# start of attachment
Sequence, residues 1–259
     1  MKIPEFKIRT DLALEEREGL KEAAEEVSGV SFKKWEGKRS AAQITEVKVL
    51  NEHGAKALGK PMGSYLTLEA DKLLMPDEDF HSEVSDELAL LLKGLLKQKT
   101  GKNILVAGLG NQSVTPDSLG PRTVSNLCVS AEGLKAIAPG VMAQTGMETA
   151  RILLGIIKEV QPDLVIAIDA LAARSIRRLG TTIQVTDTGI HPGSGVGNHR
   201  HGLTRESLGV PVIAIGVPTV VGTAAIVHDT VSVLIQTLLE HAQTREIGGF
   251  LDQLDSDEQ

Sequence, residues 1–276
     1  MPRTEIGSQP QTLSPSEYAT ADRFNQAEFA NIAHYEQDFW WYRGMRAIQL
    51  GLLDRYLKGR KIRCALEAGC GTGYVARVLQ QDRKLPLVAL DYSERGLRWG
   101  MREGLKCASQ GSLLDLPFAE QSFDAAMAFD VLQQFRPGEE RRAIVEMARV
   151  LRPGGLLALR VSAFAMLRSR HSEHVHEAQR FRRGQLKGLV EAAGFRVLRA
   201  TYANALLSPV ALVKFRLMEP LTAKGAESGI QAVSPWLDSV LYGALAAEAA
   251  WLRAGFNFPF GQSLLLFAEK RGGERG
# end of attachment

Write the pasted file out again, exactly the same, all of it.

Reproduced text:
Sequence, residues 1–259
     1  MKIPEFKIRT DLALEEREGL KEAAEEVSGV SFKKWEGKRS AAQITEVKVL
    51  NEHGAKALGK PMGSYLTLEA DKLLMPDEDF HSEVSDELAL LLKGLLKQKT
   101  GKNILVAGLG NQSVTPDSLG PRTVSNLCVS AEGLKAIAPG VMAQTGMETA
   151  RILLGIIKEV QPDLVIAIDA LAARSIRRLG TTIQVTDTGI HPGSGVGNHR
   201  HGLTRESLGV PVIAIGVPTV VGTAAIVHDT VSVLIQTLLE HAQTREIGGF
   251  LDQLDSDEQ

Sequence, residues 1–276
     1  MPRTEIGSQP QTLSPSEYAT ADRFNQAEFA NIAHYEQDFW WYRGMRAIQL
    51  GLLDRYLKGR KIRCALEAGC GTGYVARVLQ QDRKLPLVAL DYSERGLRWG
   101  MREGLKCASQ GSLLDLPFAE QSFDAAMAFD VLQQFRPGEE RRAIVEMARV
   151  LRPGGLLALR VSAFAMLRSR HSEHVHEAQR FRRGQLKGLV EAAGFRVLRA
   201  TYANALLSPV ALVKFRLMEP LTAKGAESGI QAVSPWLDSV LYGALAAEAA
   251  WLRAGFNFPF GQSLLLFAEK RGGERG